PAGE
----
To prepare students and our current workforce to meet future requirements, we need to help them acquire skills that are future-proof.
Cloud has become the new normal, and with the rapid adoption of cloud technologies by almost all types of organizations – be it enterprises, small medium businesses, government agencies, startups, or education institutions – both students and working adults need to go beyond the three basic life skills of reading, writing and arithmetic.
It is time to add on cloud computing knowledge as the fourth life skill.
Why not take a leaf out of Finland’s book, which takes a phenomenon-based learning approach to education by placing skills before subjects?
Students are exposed to actual real-world and interdisciplinary topics, such as in application creation, rather than single subjects. By naturally crossing the boundaries between subjects and merging different subjects and themes, Finland has one of the world’s most forward-looking education systems.
To do our bit, we created the Amazon Web Services Educate programme, which all of Singapore’s public tertiary institutions are part of. Whether it is to get a taste of cloud technology or to take a step towards becoming a full-fledged cloud professional, the programme caters to students from all backgrounds.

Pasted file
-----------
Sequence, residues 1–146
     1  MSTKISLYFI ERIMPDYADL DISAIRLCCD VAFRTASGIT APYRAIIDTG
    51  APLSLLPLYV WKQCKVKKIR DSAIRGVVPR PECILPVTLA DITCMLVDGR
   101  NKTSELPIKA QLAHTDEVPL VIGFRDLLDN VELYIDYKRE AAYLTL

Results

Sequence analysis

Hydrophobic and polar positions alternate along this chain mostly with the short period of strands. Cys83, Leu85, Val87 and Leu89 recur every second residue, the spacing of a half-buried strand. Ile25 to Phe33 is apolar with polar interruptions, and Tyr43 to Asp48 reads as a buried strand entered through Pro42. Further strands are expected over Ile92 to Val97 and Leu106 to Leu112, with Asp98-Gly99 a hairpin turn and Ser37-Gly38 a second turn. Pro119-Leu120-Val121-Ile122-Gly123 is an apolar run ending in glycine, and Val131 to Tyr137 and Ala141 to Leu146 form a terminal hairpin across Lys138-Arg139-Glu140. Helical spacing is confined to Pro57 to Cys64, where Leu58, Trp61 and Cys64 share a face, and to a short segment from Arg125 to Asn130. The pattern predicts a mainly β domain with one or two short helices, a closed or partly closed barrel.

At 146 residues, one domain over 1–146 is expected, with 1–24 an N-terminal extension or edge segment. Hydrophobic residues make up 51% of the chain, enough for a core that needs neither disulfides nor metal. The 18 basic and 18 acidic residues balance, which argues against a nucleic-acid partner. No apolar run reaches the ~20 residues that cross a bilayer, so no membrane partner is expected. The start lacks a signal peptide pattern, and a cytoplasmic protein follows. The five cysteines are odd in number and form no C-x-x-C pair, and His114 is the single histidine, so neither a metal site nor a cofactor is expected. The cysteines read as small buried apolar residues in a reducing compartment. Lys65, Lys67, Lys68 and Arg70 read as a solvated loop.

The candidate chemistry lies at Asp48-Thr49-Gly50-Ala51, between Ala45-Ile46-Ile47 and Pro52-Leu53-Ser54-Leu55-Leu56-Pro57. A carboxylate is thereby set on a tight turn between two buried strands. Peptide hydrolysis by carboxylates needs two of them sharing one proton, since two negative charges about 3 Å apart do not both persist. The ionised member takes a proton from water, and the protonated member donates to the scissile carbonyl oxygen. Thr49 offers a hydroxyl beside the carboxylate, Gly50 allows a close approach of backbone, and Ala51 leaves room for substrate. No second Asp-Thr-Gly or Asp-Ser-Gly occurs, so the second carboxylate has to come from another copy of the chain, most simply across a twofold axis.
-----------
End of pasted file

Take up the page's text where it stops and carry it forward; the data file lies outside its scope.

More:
Besides offering a comprehensive suite of online courses, open to anyone including students across all backgrounds, it has a Career Job Board to provide those on the programme with cloud-related job opportunities.
Launched last year, the programme is already seeing promising results. Third-year Electronics and Electrical Engineering student from Singapore Polytechnic, Melvin Ryan, wanted to help his diabetic and non-English-speaking grandmother take her medication on time and avoid consuming the incorrect dosage.
Using the AWS Educate programme, Melvin created a device that translates and reads aloud medical instructions from English to local dialects by scanning a code on the label. It also notifies caretakers via SMS in the event of an emergency.
Melvin has transited from a cloud consumer to a builder of cloud applications that will impact the lives of people.
Solutions like these are what we want to see from our youth, as do they. The Deloitte Millennial Survey 2017 showed that millennials want to make an impact on issues they feel strongly for.
Schools, governments and industry leaders need to collaborate closely to ensure that great ideas from young people like Melvin do not get lost or remain undiscovered.
These digital natives need an environment that encourages the development of innovations – solutions that could potentially make a positive impact on organisations or communities globally.
If we do not step up our efforts to nurture the students coming through our schools now, how can we become or even sustain our vision of being a Smart Nation?
Vincent Quah is, APAC business lead for Education, Research & Not-For-Profit, Worldwide Public Sector at Amazon Web Services.